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Action Sports Clothing Conference: Don’t Chase Fast Fashion

Makers of surf-inspired and other action sports should stick to what they do best as they go after the large, yet fickle market of teen girls and young women.

That was the theme at an event hosted by the Also Viejo-based Surf Industry Manufacturers Association at the Ocean Institute in Dana Point earlier this week.

A panel looked at the pressing issue of fast fashion and the ever-changing junior’s market.

Fast fashion retailers and clothing makers have proven a hit during the downturn by quickly churning out inexpensive clothes inspired by pricier designs.

They’ve exacerbated a slump for makers of clothes inspired by surfing.

Action sports companies shouldn’t chase the trend, panelists said.

“Girls are up on trends and they want fashion,” said Tamara Chamberlain, director of juniors fashion at Anaheim-based Pacific Sunwear of California Inc., the largest seller of surf-inspired clothes. “We offer price in certain categories and we understand the categories she’ll pay a premium for. Our job is to get new customers and maintain our current customers and product.”

“It’s a hard thing to cater to everyone,” said Candy Harris, brand director for Irvine clothing maker Billabong USA. “As an industry, we have to do a better job with our athletes, unify as an industry and make a bigger splash that way.”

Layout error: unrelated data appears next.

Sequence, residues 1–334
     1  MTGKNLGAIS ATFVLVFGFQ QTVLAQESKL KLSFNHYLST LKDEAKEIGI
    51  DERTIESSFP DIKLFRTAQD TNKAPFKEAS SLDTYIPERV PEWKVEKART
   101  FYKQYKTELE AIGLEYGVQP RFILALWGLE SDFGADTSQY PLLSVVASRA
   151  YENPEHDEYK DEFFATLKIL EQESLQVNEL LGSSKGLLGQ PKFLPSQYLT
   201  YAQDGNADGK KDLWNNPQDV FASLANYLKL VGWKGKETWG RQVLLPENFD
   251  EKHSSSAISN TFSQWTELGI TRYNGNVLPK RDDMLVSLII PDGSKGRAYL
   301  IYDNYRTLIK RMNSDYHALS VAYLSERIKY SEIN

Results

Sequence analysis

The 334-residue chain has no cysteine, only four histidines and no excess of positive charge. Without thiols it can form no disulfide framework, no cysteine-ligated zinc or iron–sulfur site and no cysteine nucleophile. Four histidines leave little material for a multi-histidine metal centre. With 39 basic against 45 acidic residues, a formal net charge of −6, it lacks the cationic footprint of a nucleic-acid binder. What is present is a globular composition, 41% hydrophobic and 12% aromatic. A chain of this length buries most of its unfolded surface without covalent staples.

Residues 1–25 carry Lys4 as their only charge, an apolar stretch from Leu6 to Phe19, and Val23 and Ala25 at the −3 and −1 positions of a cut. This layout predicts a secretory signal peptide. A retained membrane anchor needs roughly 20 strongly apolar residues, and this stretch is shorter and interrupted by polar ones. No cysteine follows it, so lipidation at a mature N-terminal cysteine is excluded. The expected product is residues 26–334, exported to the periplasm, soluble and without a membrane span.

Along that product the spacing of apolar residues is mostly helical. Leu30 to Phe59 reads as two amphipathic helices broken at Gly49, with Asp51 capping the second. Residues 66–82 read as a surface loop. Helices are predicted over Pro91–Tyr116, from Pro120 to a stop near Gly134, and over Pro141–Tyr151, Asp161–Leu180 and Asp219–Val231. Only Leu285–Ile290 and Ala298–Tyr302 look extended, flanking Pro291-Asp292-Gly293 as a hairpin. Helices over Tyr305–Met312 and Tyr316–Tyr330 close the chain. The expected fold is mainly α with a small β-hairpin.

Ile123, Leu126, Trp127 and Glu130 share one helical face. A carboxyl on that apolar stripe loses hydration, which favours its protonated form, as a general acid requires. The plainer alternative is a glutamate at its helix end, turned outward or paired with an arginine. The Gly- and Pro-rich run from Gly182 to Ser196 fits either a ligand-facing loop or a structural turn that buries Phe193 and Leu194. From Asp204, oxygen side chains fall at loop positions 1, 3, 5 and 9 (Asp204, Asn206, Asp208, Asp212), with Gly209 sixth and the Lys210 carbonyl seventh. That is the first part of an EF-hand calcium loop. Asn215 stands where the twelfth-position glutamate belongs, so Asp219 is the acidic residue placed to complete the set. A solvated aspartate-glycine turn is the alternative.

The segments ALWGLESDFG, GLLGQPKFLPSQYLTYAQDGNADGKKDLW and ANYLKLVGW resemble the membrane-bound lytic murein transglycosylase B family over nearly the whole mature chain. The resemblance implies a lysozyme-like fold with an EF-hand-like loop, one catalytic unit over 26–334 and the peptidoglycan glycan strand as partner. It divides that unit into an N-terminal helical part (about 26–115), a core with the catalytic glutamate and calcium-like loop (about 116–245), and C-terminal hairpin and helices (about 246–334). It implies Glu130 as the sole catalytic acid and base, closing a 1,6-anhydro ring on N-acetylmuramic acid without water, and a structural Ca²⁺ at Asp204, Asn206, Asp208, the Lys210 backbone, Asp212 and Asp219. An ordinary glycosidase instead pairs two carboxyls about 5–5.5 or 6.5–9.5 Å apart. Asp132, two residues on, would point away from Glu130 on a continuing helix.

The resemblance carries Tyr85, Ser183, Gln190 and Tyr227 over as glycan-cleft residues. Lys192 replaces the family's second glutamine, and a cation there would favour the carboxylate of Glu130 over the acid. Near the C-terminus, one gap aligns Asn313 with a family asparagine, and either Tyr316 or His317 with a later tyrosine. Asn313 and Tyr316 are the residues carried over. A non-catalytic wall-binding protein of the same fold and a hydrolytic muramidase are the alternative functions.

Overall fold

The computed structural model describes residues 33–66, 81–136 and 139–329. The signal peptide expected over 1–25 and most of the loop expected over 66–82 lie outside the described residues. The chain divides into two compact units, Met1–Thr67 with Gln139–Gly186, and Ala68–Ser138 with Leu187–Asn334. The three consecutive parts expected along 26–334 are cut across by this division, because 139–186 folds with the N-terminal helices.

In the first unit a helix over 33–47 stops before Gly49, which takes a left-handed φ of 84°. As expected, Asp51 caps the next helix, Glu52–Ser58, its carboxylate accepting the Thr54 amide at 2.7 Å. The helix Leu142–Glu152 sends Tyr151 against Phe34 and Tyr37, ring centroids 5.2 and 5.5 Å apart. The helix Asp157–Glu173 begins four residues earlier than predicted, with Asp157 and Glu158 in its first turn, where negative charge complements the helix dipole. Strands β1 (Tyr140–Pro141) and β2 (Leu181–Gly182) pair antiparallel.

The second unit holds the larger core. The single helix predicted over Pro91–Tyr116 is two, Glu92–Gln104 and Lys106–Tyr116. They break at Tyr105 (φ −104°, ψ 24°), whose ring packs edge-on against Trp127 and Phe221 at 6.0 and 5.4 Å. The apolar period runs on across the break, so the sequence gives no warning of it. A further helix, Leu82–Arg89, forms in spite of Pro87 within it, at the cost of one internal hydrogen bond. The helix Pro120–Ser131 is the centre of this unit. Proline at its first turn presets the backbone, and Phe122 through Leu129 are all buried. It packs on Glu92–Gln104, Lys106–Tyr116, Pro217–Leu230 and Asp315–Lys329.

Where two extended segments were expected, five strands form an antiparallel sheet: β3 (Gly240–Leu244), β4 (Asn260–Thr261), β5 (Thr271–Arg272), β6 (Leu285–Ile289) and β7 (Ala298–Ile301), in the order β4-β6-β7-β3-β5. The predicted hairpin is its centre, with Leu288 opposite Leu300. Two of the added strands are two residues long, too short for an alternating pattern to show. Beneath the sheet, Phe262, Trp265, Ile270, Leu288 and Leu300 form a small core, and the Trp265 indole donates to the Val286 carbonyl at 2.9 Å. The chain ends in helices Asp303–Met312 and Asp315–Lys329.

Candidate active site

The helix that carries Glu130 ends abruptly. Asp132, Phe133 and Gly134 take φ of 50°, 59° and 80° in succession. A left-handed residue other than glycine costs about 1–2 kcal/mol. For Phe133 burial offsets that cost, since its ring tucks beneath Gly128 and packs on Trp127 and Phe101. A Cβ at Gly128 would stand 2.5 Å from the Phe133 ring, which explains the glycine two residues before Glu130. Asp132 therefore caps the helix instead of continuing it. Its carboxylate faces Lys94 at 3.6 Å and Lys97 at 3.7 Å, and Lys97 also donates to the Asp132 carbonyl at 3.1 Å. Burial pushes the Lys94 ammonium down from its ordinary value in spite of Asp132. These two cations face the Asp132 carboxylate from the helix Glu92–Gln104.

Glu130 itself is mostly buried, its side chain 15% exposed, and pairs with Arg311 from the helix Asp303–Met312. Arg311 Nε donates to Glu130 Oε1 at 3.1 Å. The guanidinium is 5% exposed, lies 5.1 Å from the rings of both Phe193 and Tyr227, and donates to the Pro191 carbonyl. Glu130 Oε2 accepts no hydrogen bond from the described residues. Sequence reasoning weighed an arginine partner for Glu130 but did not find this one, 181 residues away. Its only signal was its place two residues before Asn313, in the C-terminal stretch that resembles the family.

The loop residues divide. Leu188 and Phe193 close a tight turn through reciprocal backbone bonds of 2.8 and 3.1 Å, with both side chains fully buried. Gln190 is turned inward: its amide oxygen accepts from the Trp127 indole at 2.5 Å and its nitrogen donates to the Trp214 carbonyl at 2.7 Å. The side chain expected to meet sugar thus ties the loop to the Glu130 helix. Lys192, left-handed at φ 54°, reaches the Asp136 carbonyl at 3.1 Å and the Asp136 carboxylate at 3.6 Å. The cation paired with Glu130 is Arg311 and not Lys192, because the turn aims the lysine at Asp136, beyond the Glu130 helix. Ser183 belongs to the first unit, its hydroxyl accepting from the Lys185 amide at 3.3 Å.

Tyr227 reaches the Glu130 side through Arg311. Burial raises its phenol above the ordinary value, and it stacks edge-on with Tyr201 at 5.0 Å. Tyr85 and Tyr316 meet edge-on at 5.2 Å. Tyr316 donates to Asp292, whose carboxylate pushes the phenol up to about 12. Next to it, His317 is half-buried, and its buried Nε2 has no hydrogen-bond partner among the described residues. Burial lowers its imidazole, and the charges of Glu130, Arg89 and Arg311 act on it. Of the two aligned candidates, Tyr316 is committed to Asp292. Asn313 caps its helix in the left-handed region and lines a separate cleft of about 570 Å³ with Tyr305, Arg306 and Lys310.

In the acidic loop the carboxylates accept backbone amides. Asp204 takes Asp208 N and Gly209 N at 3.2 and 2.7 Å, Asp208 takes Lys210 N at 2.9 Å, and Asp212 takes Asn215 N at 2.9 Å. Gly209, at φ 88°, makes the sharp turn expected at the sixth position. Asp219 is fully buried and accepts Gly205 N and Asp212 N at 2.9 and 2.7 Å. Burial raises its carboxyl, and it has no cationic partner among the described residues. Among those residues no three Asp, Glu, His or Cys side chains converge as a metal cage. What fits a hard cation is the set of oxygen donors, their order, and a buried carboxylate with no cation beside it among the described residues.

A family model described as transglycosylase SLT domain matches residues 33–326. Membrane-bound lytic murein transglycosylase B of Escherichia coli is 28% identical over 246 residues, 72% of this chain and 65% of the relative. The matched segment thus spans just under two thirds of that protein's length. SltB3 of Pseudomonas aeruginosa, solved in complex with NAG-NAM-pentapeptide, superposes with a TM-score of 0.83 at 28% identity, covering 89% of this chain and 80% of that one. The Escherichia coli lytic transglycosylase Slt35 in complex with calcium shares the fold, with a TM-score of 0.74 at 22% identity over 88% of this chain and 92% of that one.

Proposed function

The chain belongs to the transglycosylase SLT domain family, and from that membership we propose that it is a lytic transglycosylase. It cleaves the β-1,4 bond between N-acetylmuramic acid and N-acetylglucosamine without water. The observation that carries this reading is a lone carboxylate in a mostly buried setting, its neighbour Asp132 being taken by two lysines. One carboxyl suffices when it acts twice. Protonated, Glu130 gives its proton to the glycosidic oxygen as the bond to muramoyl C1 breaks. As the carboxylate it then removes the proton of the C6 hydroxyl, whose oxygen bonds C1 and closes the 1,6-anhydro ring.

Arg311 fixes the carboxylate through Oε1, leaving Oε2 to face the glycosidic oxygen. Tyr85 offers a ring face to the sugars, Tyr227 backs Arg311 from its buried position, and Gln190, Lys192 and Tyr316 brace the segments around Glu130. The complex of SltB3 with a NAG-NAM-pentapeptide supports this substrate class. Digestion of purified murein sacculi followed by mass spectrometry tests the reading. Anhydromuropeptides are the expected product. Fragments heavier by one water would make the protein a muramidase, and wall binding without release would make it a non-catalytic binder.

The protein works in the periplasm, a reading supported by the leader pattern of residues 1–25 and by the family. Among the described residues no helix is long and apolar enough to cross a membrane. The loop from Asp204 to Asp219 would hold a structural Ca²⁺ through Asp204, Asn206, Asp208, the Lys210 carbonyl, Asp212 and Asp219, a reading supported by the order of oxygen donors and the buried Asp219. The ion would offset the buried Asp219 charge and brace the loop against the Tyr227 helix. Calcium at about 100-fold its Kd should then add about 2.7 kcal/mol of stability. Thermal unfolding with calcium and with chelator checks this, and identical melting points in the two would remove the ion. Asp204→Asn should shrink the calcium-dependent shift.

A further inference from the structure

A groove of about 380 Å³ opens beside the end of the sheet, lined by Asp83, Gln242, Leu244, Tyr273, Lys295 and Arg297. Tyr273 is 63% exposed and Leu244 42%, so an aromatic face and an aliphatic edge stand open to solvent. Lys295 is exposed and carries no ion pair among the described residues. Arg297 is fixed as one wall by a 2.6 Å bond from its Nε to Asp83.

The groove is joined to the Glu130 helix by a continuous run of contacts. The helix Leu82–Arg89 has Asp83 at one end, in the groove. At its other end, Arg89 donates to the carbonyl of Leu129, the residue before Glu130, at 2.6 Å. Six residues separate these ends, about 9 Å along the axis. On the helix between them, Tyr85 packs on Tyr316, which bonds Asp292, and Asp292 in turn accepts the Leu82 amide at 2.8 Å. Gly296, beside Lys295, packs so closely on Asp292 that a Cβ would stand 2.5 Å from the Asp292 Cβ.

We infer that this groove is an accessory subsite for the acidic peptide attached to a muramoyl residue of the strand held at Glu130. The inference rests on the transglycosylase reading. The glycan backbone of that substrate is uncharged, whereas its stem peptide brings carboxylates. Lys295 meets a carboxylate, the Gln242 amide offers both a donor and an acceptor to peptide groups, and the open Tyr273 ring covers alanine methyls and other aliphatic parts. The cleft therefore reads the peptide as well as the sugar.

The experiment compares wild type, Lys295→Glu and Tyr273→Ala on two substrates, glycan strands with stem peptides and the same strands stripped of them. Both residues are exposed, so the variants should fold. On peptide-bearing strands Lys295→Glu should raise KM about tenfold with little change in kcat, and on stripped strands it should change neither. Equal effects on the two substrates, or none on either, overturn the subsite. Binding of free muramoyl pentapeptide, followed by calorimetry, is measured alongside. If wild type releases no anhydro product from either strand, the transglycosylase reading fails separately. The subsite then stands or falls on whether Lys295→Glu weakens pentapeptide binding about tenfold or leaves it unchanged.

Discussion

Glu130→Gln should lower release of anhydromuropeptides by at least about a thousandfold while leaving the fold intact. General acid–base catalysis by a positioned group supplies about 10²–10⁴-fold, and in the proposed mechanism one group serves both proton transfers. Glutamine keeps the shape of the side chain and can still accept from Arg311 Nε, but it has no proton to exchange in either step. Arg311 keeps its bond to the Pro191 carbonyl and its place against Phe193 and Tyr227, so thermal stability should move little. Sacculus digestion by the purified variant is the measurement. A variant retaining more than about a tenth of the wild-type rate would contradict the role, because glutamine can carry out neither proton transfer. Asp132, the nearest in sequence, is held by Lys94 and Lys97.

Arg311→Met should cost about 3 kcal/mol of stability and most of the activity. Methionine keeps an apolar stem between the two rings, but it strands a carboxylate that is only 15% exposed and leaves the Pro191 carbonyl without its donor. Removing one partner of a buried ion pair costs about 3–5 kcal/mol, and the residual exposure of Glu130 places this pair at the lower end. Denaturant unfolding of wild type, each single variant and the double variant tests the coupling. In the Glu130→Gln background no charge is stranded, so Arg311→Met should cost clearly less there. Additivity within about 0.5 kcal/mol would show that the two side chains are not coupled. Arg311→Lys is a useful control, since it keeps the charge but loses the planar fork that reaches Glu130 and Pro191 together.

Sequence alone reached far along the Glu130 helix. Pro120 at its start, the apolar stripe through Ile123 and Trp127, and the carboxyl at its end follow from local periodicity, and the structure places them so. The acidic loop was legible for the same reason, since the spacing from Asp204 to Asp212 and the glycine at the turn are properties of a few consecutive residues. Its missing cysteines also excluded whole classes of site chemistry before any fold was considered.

Action sports clothing makers have evolved, said Kristina Dechter, editor of Foam magazine.

“It used to be about the blonde, bikini clad girl next to the surfboard,” she said. “That was such a one-dimensional representation of the surf girl. Now with all the brands, there is great fashion. It’s not just bikinis; it’s much more three-dimensional and that gives brands a way to create more of a lifestyle.”

Teen girls these days have a variety of interests, PacSun’s Chamberlain said.

“They’re very diverse. They play lacrosse, they surf, they mountain climb. As an industry, we can get a whole new group of kids into surf’s game,” she said.

Laura McEwen, vice president and publisher of Teen Vogue, did a presentation on the “millennials”—girls and women 14 to 29 who make up about 75 million consumers. Millennials spent $467 billion in 2009, she said.

The biggest thing about them: They make the up the largest spending group in every area, she said.

The event also included a panel that took a look at women’s professional surfing today and how to propel that into mainstream culture.

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